New Crypto Tax Law Takes Effect in US: Transactions of $10,000 or More Must Be Reported to IRS Within 15 Days

US Implements New Crypto Tax Law: Transactions Exceeding $10,000 Must Be Reported to IRS Within 15 Days

A fresh tax reporting regulation has been implemented in the United States. Starting from January 1st, any American individual or business that receives $10,000 or more in cryptocurrency must file a report with the Internal Revenue Service (IRS) within 15 days. Coin Center, a leading cryptocurrency research and advocacy center, has warned that failure to comply with this requirement could result in felony charges.

The new crypto tax law, which came into effect on January 1st, 2024, is part of the Infrastructure Investment and Jobs Act passed in November 2021. According to Coin Center, the law mandates that individuals or businesses who receive $10,000 or above in cryptocurrency throughout their trade or business operations must report the transaction to the IRS. The report must include details such as the sender’s name, address, social security number, the amount received, and the date and nature of the transaction.

Jerry Brito, the executive director of Coin Center, stressed that non-compliance with the reporting requirement within 15 days could lead to felony charges. Coin Center has previously filed a lawsuit against the Treasury Department, challenging the constitutionality of the new crypto tax law. However, Brito noted that the case is still ongoing, and for the time being, individuals and businesses are obligated to comply.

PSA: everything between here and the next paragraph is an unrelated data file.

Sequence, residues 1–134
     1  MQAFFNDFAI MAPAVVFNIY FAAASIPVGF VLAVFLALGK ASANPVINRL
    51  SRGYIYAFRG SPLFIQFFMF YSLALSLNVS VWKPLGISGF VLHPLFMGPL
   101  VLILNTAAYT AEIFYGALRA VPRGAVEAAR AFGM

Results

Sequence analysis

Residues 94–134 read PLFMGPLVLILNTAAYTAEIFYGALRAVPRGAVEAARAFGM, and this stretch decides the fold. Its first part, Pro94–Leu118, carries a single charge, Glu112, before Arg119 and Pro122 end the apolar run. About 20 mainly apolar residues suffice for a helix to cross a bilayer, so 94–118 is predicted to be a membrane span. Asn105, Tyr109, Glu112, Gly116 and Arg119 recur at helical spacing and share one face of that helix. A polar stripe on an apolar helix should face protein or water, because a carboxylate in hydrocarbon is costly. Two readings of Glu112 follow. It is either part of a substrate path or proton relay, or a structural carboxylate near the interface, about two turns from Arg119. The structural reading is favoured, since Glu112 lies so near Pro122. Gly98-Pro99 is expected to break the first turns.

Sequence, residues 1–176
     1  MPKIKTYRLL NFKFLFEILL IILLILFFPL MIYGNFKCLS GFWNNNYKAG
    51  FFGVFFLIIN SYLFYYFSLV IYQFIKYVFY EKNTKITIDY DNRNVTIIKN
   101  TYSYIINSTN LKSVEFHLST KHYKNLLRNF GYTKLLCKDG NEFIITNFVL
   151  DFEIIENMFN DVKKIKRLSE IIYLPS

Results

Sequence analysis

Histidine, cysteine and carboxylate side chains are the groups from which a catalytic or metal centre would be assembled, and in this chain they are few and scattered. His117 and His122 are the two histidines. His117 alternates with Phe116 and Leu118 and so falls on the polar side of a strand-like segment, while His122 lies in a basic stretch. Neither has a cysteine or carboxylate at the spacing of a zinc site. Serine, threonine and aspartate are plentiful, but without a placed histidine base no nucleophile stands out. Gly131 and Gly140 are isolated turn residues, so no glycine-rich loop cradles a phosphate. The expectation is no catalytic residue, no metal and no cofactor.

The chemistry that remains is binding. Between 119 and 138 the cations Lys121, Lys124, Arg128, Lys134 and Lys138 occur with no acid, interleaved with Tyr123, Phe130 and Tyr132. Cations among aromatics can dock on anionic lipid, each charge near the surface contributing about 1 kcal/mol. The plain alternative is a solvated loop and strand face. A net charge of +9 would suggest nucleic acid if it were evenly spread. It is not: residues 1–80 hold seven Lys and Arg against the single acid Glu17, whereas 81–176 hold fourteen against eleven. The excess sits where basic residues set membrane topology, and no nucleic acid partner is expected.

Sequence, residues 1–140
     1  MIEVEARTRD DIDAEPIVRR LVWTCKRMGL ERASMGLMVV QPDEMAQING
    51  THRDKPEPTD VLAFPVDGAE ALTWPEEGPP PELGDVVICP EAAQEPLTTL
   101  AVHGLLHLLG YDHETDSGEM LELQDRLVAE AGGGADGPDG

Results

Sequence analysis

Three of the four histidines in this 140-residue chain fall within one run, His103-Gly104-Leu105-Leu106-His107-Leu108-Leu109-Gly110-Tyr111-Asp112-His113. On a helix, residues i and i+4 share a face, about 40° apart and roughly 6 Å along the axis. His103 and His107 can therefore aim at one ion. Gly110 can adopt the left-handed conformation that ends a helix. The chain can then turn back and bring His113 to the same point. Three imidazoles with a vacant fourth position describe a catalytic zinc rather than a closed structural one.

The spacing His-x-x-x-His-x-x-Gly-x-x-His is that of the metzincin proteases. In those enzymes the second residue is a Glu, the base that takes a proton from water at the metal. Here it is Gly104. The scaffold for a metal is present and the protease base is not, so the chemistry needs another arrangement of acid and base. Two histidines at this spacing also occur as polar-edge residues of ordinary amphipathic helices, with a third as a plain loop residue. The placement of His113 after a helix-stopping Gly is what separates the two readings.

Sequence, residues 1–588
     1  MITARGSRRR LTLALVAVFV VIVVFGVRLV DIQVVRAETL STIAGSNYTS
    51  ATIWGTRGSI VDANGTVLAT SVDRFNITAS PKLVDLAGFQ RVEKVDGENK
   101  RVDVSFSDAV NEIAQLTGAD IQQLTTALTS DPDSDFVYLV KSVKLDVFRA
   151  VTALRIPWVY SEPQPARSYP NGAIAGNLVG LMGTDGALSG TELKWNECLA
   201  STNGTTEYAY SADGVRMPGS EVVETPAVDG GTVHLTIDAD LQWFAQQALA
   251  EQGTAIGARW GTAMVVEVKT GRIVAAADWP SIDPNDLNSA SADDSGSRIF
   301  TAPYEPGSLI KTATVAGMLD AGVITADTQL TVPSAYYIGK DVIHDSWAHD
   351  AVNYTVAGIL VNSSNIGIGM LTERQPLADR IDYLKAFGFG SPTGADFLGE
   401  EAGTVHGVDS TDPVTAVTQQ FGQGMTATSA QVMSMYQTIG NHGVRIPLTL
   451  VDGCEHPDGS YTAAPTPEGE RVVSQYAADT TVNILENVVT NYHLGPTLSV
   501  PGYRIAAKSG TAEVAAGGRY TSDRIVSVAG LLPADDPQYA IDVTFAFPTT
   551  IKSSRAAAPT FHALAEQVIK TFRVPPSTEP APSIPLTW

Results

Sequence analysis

Complying with the new regulations poses several challenges. Brito raised questions about reporting requirements for miners or validators who receive rewards exceeding $10,000, as well as for on-chain decentralized exchanges that involve receiving $10,000 in cryptocurrency. He also highlighted the lack of guidance from the Treasury Department regarding anonymous donations made in cryptocurrencies and reporting obligations in such cases.

Brito also noted that the IRS has not provided any guidance or designated forms for reporting crypto transactions. While the Secretary requires reporting of “cash” on Form 8300, it remains unclear how cryptocurrency, now considered a form of “cash” under the law, should be reported on this form. Additionally, Brito emphasized that the Financial Crimes Enforcement Network (FinCEN) has no authority to collect reports on cryptocurrency transactions.

Importantly, the new tax reporting law applies to both individuals and businesses. It covers individuals, such as miners, day traders, and NFT artists, who receive $10,000 or more in crypto within the scope of their trade or business activities. However, the definition of “trade or business” remains unclear according to existing Treasury guidance.

As opinions on the new tax reporting rule vary, public commentary on the matter is encouraged. Feel free to share your thoughts in the comments section below.